Cars, when they have all the doors closed and windows up, are almost sealed – there is some air coming in, but no current, meaning the atmosphere there is still. And when it is subjected to the radiant heat of the sun, it gets incredibly hot, without the possibility of ventilation. In a sense, it becomes a furnace.
Knowing this, would you still leave your dog inside it? The answer is probably no. But let’s delve further into the problem, and see if in case of an emergency you could safely do that, with no repercussions on your beloved pet.
Data attained by the authorities shows that the average temperature inside a sealed car on a sunny day can double in less than six minutes, and it can rise to exceed the comfortable temperature within 30 minutes. The hotter the temperature gets outside, the worse it will be inside the car, as logic tells us. On a warm summer day, it can easily reach a lethal temperature if you don’t open any door or window in less than one hour.
Even at night, temperatures can get too high if it’s a hot night and there’s no ventilation. Cracking just one window open could be inefficient, as it won’t create an air current. If you think you can open half of it and leave without worrying, you are wrong. Most people wouldn’t be able to stay inside a vehicle with no AC and without at least one window open for more than ten minutes.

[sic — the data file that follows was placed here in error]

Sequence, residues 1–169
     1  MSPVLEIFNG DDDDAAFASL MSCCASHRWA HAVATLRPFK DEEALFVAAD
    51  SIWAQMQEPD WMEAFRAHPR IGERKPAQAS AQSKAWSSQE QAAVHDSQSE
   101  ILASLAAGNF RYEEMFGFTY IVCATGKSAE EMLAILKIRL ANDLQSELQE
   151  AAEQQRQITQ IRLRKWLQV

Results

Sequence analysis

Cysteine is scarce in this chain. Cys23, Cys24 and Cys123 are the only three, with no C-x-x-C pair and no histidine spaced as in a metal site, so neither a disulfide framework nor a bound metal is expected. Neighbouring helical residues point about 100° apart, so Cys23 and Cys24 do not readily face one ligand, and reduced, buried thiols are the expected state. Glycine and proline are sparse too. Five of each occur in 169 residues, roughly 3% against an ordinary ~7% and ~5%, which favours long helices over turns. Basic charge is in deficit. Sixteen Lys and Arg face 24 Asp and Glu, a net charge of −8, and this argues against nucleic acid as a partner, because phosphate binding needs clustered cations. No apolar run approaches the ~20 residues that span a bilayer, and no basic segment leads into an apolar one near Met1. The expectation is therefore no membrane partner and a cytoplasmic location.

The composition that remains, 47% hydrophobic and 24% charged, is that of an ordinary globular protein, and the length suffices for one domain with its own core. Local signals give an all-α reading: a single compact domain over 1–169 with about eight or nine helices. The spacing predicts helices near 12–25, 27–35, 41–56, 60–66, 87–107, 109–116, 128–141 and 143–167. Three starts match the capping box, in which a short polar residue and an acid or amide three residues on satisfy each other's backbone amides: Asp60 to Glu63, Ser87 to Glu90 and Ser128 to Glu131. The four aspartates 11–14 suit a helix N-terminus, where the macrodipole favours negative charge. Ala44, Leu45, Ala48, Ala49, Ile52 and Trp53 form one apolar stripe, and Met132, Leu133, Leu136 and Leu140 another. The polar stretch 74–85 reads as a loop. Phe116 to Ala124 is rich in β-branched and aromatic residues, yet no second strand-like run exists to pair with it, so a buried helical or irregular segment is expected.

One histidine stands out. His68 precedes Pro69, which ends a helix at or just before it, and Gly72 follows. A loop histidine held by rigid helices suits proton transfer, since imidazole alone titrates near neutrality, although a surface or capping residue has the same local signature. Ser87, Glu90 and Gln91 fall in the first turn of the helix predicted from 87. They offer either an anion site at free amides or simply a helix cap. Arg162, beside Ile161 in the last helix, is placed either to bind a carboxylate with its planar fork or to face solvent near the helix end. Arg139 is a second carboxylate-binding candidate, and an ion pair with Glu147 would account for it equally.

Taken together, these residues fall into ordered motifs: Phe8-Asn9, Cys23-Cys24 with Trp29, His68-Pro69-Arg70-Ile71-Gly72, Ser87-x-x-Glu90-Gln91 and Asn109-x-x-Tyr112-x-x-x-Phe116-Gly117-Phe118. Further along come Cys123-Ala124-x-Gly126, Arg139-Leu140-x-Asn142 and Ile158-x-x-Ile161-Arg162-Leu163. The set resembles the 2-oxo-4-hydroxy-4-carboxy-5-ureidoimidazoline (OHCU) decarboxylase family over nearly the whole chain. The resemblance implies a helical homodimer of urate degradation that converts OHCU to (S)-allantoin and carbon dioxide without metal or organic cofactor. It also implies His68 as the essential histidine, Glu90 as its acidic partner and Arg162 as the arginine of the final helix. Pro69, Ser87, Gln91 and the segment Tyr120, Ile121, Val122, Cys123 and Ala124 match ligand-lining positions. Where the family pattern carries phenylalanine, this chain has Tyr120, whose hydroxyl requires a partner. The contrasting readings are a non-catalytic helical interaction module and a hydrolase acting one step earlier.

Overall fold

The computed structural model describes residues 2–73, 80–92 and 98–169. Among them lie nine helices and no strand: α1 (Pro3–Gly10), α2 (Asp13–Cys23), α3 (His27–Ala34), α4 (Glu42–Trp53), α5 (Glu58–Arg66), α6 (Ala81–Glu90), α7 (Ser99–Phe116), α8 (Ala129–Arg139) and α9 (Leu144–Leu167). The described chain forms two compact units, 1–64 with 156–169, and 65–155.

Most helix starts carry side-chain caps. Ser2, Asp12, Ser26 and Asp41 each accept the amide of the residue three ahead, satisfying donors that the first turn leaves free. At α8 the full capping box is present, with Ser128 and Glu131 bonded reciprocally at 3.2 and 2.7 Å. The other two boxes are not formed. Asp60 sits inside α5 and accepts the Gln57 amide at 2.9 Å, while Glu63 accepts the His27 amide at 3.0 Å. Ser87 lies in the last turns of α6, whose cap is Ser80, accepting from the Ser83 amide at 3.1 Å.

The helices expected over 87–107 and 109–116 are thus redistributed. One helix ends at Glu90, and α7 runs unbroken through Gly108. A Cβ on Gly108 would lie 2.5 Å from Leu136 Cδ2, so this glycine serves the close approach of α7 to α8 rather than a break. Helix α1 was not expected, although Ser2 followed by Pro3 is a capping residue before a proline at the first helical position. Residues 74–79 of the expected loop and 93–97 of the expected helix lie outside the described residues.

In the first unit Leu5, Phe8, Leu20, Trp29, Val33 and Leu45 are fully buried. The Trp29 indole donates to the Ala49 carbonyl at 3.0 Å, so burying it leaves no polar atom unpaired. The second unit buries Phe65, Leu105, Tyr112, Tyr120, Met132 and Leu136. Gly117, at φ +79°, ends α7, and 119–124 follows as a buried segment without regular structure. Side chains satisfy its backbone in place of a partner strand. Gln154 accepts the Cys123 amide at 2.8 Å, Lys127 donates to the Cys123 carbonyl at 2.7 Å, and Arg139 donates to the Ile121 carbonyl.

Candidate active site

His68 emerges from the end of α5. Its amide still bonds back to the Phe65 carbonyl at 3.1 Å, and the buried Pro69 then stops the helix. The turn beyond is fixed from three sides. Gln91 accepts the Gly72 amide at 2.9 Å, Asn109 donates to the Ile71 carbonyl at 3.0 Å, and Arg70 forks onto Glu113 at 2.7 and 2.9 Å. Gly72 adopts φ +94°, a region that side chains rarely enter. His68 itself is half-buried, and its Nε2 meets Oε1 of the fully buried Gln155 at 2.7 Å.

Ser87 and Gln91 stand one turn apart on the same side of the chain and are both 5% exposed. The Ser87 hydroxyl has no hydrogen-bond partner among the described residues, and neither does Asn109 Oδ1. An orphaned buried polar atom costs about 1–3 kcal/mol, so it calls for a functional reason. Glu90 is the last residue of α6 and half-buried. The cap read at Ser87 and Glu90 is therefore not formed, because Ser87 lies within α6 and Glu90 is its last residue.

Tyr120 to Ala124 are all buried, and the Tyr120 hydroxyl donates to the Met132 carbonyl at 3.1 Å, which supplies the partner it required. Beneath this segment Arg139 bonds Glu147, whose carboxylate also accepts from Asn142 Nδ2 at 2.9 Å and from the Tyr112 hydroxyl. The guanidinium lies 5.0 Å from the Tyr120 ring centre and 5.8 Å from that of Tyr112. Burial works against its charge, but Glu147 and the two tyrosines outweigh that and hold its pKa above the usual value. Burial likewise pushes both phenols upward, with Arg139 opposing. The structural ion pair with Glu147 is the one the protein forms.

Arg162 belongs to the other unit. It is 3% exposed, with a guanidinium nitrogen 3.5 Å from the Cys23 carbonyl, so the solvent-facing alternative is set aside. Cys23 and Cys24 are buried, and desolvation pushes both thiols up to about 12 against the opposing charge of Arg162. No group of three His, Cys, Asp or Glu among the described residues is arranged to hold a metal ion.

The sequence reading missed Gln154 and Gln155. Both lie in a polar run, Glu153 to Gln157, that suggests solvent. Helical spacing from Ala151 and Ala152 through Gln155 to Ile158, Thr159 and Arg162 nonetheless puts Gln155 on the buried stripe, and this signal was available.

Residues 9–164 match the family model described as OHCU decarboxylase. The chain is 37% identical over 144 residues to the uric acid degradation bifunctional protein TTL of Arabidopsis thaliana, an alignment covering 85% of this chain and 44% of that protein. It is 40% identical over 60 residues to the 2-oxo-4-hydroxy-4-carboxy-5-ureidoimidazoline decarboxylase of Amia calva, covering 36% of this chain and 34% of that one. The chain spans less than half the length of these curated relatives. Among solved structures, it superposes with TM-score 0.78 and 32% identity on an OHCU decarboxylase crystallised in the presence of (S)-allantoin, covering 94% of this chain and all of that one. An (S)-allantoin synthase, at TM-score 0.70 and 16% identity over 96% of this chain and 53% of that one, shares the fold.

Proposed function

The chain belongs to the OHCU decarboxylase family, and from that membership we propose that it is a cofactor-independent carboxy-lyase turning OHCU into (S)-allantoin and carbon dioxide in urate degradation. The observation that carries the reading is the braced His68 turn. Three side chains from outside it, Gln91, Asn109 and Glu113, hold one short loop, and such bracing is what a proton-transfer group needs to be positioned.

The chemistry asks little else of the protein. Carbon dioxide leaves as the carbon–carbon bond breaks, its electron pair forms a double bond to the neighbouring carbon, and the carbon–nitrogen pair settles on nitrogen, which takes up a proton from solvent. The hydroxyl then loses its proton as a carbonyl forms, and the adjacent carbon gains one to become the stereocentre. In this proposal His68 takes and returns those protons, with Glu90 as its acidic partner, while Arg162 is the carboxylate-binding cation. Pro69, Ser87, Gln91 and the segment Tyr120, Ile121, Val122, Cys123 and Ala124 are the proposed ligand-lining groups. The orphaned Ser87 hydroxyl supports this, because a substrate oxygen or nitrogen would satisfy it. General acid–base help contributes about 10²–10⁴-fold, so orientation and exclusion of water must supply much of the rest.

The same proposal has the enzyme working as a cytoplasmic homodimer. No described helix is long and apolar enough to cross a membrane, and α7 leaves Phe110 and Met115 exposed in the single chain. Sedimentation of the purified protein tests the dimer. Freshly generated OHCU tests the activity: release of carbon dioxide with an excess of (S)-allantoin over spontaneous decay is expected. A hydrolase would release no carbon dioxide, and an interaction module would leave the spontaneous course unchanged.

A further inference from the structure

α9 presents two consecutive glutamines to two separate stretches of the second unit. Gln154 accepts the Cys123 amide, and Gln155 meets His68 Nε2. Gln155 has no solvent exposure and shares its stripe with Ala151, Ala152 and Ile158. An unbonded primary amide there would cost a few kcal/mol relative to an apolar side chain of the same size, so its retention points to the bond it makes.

Imagine that it’s much worse for dogs, who have a thick layer of hair and who can’t process heat as efficiently as us. In fact, the RSPCA in most states estimates a dog or a cat could die of heat-related causes in less than fifteen minutes in a sweltering day.
Dogs left in cars are at risk since they don’t sweat, meaning they cool themselves by panting. They expose their tongue which acts as a radiator, ultimately cooling down the blood. If the air surrounding them is heated, especially if they have restricted water access, it will be impossible for pets to regulate their body temperature.
In short, leave your doggie at home if you can. But if you really have to leave it unattended in a car, don’t do it for more than five minutes. If you’re caught doing that, especially if your car is locked, you can be fined consistently, and your dog might be taken away from you, depending on which state you live in.
There’s no analyzed data on how many dogs die in hot cars each summer, but the news are filled with cases where dogs were found dead in the parking lot and with images of owners crying. You should also note that if the police see a dog in a locked car, they will break your windows to get it out, even if it’s private property.
If you absolutely have to leave it there, at least keep the doors unlocked so they can be opened safely by a rescuer. Or if the dog is trained, keep two parallel windows fully cracked. Make sure you leave plenty of water for the dog to drink and buy a high-quality dog cooling pad since that nifty invention can be life-saving in critical moments.
Although electricity powers some cooling pads, others are made of special foam and super absorbent crystals which manage to hold a large amount of water. They use the principles of thermodynamics to cool down the dog. There are also models that will absorb heat from the dog’s body then dissipate it into the air.